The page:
Stick Man

Based on the book by Julia Donaldson, illustrated by Axel Scheffler
Soho Theatre
(2009)

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Soho's Christmas show for ages 3 and above is a lovely 50 minute long adaptation of Julia Donaldson and Axel Scheffler's rhyming Stick Man - with the same creative team as behind Aesop's Fables and We're Going on a Bear Hunt. Produced by Scamp Theatre in association with Watford Palace Theatre, where it premiered this September, it has delighted audiences in 29 venues across the UK before settling into the Soho Theatre for Christmas.

Soho Theatre can be relied upon for a good Christmas Show for children, I overheard a parent say - a regular customer. And his daughter's excited running commentary throughout more than made up for the fact that my 5-year-old companion was laid up with flu at home. It's always the children who make the show, and here they were bubbling with excitement and over-eager to participate. The little boys in the front row were practically out of their seats and on the stage.

Three amiable performers, Brian Hargreaves, Emily Pollet and Mark Kane, hold the children's complete attentionwWith puppets, fun props, great sound effects, songs, and music. Blues music for saxophone, trumpet, and percussion by Benji Bower, clever tree stump design by Katie Sykes, lovely lighting by Elanor Higgins, and simple hand-held puppets by Corina Bona, on Soho's intimate stage these bring to life, under Sally Cookson's direction, a simple tale of dangerous escapades and inadvertent adventure without alarming the youngest but giving the oldest something to chuckle about - not an easy thing to pull off. Emily Pollet grabbed my attention with her multiple roles - she makes a convincing dog, a funny reindeer, a bespectacled girl with an annoying laugh, an inquisitive swan (an arm puppet), and more - but all three actors are unselfconsciously good.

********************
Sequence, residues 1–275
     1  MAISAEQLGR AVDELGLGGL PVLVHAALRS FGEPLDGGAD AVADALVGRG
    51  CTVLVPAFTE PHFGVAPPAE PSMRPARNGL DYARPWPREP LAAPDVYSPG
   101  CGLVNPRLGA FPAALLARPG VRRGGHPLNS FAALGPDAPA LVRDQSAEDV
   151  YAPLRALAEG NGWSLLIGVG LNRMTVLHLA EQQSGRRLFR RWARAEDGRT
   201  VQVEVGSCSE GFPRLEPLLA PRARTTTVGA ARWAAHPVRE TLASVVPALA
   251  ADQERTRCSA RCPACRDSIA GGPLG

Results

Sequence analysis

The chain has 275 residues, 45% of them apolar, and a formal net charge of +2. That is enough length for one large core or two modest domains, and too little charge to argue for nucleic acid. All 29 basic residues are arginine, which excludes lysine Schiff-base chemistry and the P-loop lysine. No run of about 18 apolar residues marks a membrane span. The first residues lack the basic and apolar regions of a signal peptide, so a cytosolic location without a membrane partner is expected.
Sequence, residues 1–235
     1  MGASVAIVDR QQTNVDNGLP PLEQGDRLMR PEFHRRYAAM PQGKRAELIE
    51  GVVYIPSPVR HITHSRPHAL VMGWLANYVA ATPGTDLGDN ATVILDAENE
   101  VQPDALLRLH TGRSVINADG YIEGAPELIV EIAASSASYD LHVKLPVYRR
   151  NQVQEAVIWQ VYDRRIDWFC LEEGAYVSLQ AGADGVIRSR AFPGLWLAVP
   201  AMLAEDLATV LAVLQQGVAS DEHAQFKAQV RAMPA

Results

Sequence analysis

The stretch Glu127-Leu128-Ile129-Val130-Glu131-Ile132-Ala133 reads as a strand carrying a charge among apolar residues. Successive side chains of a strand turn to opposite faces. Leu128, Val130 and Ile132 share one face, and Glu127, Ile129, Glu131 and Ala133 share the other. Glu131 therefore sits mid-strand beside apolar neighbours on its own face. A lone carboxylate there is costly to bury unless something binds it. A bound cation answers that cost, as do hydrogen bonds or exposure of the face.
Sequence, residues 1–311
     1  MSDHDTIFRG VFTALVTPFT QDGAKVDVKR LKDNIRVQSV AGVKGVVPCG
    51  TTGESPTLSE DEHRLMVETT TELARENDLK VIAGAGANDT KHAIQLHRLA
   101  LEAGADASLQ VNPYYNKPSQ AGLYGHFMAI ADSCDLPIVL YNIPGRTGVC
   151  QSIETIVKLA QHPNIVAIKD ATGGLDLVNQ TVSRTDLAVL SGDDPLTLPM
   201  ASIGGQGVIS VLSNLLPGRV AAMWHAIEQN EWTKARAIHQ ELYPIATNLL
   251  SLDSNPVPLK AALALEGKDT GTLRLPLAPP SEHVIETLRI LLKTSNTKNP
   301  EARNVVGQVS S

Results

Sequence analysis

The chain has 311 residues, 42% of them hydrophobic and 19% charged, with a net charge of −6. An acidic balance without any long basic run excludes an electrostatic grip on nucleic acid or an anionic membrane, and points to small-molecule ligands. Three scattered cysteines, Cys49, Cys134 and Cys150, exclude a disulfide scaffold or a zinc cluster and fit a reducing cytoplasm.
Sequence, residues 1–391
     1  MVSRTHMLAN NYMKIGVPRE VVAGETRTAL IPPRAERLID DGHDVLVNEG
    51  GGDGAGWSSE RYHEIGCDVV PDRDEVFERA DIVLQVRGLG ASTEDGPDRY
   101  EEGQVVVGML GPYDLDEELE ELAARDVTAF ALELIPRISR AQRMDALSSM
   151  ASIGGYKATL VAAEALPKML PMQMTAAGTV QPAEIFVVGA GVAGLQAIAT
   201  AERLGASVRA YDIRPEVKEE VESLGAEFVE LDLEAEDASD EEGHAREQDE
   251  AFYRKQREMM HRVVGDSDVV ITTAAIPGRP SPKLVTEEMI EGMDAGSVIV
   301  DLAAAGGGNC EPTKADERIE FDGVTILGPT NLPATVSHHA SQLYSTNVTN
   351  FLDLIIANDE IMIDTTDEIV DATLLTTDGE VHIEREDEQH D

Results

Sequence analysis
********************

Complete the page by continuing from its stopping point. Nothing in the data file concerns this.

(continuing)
Out on a morning jog Stick Man is mistaken for a dead stick by a playful dog, a little girl wants to play Pooh Sticks with him, and a swan thinks he's a perfect twig for her nest. He escapes from the nest, only to be swept away to sea. He lands on a beach where he makes a fine flag mast for a sand castle. Finally, poor brave misunderstood little Stick Man, who is lonely and misses 'his Stick Lady Love and their stick children three ' (cue a blues number for sax and trumpet), makes his way back home, is caught in a snow storm, falls asleep frozen, and wakes up to find himself in a fire grate, whereupon he hears a Stuck Man in the chimney. Well, you can guess Santa rescues him and takes him on a sleigh ride. And delivers him home to his family tree (get it?). Ho, ho, ho.

Small, perfectly shaped, and charming (like Stick Man himself), the show does not outstay its welcome. The children are asked to recap the events (testing their concentration), are appealed to directly by Stick Man in his delicious Scottish accent to help him get back home. There's a stick fight with the sticks getting bigger and bigger, five dazzling beach rings, which encircle Stick Man like a hoopla (his actor impersonator dances the rumba), a trip through the four seasons, Santa's wellie on his head, and three tiny red stockings hanging off the family perch - ah!

Running until 10th January, 2010

Reviewer: Vera Liber